RICHMOND (KPIX 5) — Many students are struggling with the stress that comes with online learning, but Miguel Angel Moya is using this time to reflect on how he can serve his community after graduation. Like most college students in California, Moya is spending his freshman year leaning into his computer for hours online. The 18-year-old human biology major is fatigued.
“I would much prefer to be in a classroom, engaging with other students and stuff like that,” said Moya “Being able to see like human beings and not a screen. I mean, I don’t even know if you’re real or not. I’m looking at a screen and talking to camera right now, so it’s kind of crazy.”READ MORE: UPDATE: Thousands Forced To Flee Fawn Fire; New Evacuations Ordered South Of Shasta Lake
It is crazy. Moya’s part of the high school graduating class of 2020. He completed his last semester at Richmond High School virtually, an experience he says he found isolating.
“To tell the truth, it’s been really difficult,” confessed Moya. “We are going to have generations of youth growing up accustomed to these things.”
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The pandemic has been difficult for many students, and Moya is concerned about the lasting effects. Growing up, Moya saw other young people use alcohol and substances like tobacco as stress relievers.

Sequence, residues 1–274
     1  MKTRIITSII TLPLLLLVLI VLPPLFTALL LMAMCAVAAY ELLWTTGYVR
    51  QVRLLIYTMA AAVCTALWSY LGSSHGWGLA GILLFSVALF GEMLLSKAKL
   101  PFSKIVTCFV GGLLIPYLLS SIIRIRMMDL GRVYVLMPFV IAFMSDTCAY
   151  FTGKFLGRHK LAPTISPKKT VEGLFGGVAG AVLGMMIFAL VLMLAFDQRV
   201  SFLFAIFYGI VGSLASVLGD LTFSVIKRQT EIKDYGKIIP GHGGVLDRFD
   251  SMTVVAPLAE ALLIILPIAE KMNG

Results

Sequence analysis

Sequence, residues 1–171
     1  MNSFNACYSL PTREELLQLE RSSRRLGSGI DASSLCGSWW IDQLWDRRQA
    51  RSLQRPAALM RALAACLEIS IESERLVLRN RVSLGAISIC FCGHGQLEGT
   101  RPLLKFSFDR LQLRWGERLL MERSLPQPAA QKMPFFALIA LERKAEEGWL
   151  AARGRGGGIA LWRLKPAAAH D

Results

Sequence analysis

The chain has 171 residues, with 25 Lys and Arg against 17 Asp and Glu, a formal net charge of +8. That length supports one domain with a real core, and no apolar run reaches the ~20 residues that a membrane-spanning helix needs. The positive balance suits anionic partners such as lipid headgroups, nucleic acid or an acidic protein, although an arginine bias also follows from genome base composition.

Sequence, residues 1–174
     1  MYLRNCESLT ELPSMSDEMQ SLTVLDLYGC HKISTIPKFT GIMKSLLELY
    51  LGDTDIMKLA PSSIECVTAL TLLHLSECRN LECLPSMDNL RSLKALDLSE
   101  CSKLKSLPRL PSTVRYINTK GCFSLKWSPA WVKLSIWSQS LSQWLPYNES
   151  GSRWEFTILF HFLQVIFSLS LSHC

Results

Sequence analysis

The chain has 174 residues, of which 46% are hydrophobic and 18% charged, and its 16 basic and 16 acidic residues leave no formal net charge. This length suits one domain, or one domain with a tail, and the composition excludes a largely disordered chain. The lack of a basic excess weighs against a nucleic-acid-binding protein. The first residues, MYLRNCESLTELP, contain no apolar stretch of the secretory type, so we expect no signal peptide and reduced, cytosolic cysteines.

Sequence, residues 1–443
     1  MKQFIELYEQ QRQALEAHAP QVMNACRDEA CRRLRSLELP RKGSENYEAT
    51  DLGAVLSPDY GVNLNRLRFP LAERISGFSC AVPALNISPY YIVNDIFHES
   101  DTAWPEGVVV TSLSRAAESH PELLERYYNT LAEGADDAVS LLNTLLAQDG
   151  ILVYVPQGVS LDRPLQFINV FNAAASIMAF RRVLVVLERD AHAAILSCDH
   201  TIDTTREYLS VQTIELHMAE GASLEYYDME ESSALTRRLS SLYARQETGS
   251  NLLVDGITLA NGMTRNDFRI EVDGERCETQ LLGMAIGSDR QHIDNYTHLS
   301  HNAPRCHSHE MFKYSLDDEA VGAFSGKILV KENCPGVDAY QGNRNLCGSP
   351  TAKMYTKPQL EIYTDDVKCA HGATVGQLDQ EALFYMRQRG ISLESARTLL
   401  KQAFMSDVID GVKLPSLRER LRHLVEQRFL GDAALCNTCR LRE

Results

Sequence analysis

“You know, there is a certain rite of passage,” explained Moya. “You know, you walk into the liquor store and you are no longer buying chips and candy and sodas, right? You start, you know, buying things like swishers and bottles and stuff like that. It’s very endemic in communities of color and lower socio-economic communities. I think it is very, very … targeted.”
Moya said he found himself struggling to stay away from that space, and in the 8th grade he failed algebra. But by his senior year in high school he was taking AP Calculus, excelling in his other classes, and was selected valedictorian of his graduating class.READ MORE: Amazon Purchases Land In Pleasanton For Undetermined Project
It’s an academic turnaround Moya attributes in part to the lessons he learned playing on his school’s baseball team.
“What am I going to do?” Moya said he asked himself. “I am going to put in the work that I need to do. [Baseball] just gave me a certain structure, or a certain, like, routine. I’m going to go to school so I can go to practice so I can go home.”
That newfound structure would push Moya to USC, where he hopes his hard work – and hours of virtual studying – will pave the way for him to become a doctor.
His dream job would be to practice at Oakland’s Highland Hospital, serving a community he loves.
“I personally lost a lot of friends to the streets,” said Moya. “That really impacted me, and I want to be there in moments of need where people can have a chance to have a second chance at life.”
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